Store wise it is not as it was decades ago. People wise its either the older generation (50+) and the Orthodox and extremely more clique than it once was and makes the Chassids look like a open community. A bunch of us got together in the UWS where many said they'd try to make it, but only eight arrived (of which only two still live in the Ave U area). Past that we're everywhere as our business models have changed through the decades. Looking at the area, there are many more synagogues then there was once. One does know that Jews are around you, but it doesn't feel like a neighborhood. Now if we were in Israel, even as generations have moved apart friends and relatives are still closely connected. When I walk through the Sephardi/Mizrahi/Muslim areas in Israel, I feel more connected then when I walk through Ashkenazi areas. Personally I give it maybe another generation when those of us from the second generation are dead and gone that the area will either become more Ultra Orthodox or look like Canarsie.
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Old 12-27-2014, 09:15 PM
 
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Quote:
Originally Posted by Pruzhany View Post
SPersonally I give it maybe another generation when those of us from the second generation are dead and gone that the area will either become more Ultra Orthodox or look like Canarsie.
Neither scenario will happen. The SY community will continue to expand and prosper, as it has over the past half century. The community is growing, and has never been larger or more prosperous.

The core residential lots between Kings Hwy and Ave. U can go for $10 million+ for (a tiny plot) of raw land. It's possibly the richest Jewish neighborhood in the world. The SY community includes everyone from billionaires to the poor, all in one neighborhood.

There are very few ultra-Orthodox in the neighborhood, so I don't see why they would live there one day. By "look like Canarsie" do you mean a Caribbean neighborhood (Canarsie these days is mostly Caribbean). That makes no sense on any level. The West Indian population in Brooklyn is shrinking and the Jewish population is growing, and in any case, the Caribbean population lives on the complete other side of Brooklyn, across Flatbush Ave.
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Old 12-27-2014, 09:36 PM
 
Location: Eretz Yisrael
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Quote:
Originally Posted by NOLA101 View Post
Neither scenario will happen. The SY community will continue to expand and prosper, as it has over the past half century. The community is growing, and has never been larger or more prosperous.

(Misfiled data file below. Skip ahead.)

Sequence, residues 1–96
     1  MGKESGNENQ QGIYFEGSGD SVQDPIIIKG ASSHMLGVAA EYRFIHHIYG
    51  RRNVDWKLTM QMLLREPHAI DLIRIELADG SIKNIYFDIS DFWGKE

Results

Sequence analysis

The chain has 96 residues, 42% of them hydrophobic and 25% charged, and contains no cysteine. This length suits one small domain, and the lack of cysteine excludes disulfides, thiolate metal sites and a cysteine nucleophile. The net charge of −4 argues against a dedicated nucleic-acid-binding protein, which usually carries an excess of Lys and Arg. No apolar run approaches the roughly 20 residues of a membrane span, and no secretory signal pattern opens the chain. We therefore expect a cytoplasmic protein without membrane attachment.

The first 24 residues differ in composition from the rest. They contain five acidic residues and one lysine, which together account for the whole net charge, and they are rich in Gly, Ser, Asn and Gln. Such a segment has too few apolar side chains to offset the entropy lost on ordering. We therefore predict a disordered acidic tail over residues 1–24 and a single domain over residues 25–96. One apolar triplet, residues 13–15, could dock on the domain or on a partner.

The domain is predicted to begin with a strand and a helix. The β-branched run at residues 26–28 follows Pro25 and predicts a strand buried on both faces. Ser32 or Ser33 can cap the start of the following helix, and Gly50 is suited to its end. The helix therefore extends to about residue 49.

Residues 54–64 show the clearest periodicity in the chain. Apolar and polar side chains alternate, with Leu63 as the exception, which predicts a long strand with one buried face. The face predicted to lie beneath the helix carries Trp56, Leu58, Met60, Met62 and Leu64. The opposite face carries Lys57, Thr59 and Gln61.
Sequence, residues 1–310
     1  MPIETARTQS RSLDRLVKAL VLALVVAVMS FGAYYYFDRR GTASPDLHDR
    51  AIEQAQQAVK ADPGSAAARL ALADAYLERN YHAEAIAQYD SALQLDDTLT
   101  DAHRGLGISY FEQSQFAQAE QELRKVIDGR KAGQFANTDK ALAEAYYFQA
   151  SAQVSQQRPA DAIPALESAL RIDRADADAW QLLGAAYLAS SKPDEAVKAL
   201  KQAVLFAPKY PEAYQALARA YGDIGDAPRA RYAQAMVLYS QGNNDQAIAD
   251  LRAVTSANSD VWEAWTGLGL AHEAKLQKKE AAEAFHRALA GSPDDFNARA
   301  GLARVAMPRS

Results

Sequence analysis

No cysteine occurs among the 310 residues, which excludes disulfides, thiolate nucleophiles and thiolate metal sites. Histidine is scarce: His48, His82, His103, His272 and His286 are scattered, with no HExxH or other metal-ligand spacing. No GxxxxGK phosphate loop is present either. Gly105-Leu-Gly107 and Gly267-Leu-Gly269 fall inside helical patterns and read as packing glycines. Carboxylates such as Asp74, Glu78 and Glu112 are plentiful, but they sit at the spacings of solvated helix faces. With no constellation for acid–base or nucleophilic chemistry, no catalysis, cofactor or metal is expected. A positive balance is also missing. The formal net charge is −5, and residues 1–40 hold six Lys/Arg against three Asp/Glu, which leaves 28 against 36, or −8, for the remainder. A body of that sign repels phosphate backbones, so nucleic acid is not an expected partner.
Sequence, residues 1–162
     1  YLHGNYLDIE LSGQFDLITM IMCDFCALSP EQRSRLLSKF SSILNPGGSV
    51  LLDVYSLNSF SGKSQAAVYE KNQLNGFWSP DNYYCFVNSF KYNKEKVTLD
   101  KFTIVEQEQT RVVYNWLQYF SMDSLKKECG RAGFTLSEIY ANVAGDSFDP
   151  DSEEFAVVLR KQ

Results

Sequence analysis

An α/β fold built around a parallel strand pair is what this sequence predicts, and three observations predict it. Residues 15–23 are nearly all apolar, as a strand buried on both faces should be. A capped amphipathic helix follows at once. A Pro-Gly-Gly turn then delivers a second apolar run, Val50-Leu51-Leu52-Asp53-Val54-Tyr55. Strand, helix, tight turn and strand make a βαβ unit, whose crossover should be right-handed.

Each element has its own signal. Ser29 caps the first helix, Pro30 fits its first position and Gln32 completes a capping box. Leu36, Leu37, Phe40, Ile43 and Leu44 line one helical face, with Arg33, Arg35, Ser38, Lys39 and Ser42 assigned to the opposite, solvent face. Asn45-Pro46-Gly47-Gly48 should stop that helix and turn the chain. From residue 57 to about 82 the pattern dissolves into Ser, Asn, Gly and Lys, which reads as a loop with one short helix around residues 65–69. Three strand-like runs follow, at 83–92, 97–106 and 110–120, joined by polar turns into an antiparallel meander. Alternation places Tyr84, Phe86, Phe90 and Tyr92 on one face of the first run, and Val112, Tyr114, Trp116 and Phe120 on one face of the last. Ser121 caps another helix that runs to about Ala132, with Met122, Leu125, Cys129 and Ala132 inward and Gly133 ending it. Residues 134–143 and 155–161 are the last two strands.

The core residential lots between Kings Hwy and Ave. U can go for $10 million+ for (a tiny plot) of raw land. It's possibly the richest Jewish neighborhood in the world. The SY community includes everyone from billionaires to the poor, all in one neighborhood.
It's good that you are an optimist about future generations and hopefully they will do what you think they will do, but from my perspective we haven't. Out of my entire family, classmates and friends from the area only two are still in the neighborhood. But back to the OP, I don't think the poster will find a Jewish community to fit into if they are Sephardi or Mizrahi they may find fitting in to a Muslim area easier if they are looking for the cultural aspect. I've stopped going down to Florida as I don't feel the Jewish vibe there anymore and my NY trips are now one day trips (fly in early in the morning and fly out late the same night).
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Old 12-27-2014, 09:49 PM
 
Location: Eretz Yisrael
21,376 posts, read 24,137,102 times
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Quote:
Originally Posted by NOLA101 View Post
...

There are very few ultra-Orthodox in the neighborhood, so I don't see why they would live there one day. By "look like Canarsie" do you mean a Caribbean neighborhood (Canarsie these days is mostly Caribbean). That makes no sense on any level. The West Indian population in Brooklyn is shrinking and the Jewish population is growing, and in any case, the Caribbean population lives on the complete other side of Brooklyn, across Flatbush Ave.
What are you talking about? The Ultra Orthodox line Bedford Ave and Ocean Pkwy and are buying everything up in between. As to Canarsie, there was a strong Jewish presence from the Paerdegats to Rockaway Pkwy. Flatbush Ave (maybe you were thinking Flatlands) is not in Canarsie. Its a tangent to Mill Basin.